ANDREA ABBOTT finds tasty morsels in the KZN Midlands
The Farmer’s Daughter Kitchen, Tweedie
It was a grey, cold day. Eishkom was behaving badly. We left home during a bout of load shedding and arrived to the same in Howick. We’d arranged to take Mother to lunch but she was pessimistic. “No point in going out to eat.” We went anyway.
At the quirky Farmer’s Daughter, the ethos is about freshness – all the ingredients sourced locally, some grown on site. Despite the blackout, the place was chock-a-block, everyone indoors on account of the weather. Candles generated soft light and a guitarist strummed away. Anticipating a sandwiches-only lunch, we were amazed that just about everything on the menu was available. Everything except for coffee, the machine standing as idle as an Eskom power station.
Mother chose Chinese Quack – a huge marinated Chinese salad with toasted cashews and crispy duck (R65). John, who is from Dorset, England, recited a line from an old West Country song:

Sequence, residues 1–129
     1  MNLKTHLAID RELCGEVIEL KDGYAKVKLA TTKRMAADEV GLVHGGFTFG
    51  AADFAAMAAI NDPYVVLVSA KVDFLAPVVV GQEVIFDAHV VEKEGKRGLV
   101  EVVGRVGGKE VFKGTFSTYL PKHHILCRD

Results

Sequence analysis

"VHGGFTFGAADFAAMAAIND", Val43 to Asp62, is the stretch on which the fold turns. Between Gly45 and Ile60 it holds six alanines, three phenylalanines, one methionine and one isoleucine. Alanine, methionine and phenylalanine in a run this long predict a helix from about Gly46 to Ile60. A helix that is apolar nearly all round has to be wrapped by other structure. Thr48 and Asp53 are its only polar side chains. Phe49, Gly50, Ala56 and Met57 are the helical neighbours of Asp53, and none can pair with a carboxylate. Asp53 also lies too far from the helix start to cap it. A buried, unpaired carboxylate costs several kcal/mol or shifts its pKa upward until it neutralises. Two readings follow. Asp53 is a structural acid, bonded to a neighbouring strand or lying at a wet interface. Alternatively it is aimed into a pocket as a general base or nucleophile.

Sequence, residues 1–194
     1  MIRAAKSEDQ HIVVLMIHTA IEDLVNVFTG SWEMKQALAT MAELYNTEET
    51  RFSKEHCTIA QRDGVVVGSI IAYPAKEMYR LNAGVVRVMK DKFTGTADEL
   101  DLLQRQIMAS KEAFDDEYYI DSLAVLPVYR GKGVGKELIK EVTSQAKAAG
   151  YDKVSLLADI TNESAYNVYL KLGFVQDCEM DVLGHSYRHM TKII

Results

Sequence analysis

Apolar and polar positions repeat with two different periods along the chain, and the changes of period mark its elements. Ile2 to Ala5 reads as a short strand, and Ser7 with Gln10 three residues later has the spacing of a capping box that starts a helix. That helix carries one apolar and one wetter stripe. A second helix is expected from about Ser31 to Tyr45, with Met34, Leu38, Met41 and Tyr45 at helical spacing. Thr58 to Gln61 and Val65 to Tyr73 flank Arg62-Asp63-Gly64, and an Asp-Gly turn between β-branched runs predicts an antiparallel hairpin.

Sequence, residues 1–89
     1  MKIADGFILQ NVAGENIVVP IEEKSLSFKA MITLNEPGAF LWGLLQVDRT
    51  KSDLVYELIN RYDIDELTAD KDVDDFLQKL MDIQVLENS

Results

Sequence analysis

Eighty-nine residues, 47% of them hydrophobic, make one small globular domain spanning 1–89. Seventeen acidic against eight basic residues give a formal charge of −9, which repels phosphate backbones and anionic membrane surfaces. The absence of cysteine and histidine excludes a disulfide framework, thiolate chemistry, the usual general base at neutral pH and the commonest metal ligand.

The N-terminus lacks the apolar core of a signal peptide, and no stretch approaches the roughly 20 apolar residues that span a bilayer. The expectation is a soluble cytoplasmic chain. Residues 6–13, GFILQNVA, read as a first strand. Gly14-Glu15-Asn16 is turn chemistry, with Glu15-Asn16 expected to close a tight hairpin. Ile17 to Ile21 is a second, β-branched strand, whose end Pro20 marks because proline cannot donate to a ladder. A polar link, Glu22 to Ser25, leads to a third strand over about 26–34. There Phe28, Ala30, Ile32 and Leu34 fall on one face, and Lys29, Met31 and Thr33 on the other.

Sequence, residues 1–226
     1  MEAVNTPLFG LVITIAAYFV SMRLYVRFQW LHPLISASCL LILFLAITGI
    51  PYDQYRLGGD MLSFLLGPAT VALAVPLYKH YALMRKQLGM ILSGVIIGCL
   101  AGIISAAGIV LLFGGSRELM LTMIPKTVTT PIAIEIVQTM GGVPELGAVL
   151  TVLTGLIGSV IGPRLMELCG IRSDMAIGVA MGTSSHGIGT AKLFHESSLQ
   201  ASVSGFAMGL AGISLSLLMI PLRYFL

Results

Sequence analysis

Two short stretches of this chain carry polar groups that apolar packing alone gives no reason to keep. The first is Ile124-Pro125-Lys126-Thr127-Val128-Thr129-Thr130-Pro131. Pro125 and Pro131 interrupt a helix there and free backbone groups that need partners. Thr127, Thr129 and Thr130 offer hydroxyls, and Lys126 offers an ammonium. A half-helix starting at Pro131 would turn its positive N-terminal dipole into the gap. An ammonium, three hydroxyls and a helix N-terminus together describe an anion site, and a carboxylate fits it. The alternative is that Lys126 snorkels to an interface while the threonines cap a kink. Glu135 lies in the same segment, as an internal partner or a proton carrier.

“A man’s best friend is his duck.” Undeterred, Mother relished her fowl but couldn’t eat it all and took half home for supper. Good planning – there was another outage that night.
John had the Spencer Burger – a Moroccan-spiced lamb burger with beetroot chutney, double Greek tzatziki, house salad and shoestring fries (R65). It was presented attractively on a board, the chips in an enamel mug, and the salad in a glass jar. John wasn’t madly impressed but couldn’t say why.
The Ladies Who Lunch Favourite (R65) intrigued me. The black cherry and Brie tart served with baby greens and goats cheese was nice enough, but the pastry was a bit stodgy, which proves you can’t choose a tart by her name.
For dessert, John had lemon meringue pie (R30) that, to his amusement, also came in a glass jar. No complaints this time. I got the choc fix I needed from chocolate brownies with double cream (R30). A pity the power was still out; a cappuccino would have been the ideal complement. Mother ordered the High Tea Scone (R20); I suppose it almost was tea time by then. It was a hit, and Mother loved the presentation: everything on a board, the butter, jam and a big pile of cream in dainty containers.
The staff coped admirably without power, and despite our minor grumbles, the food was good and the ambience charming.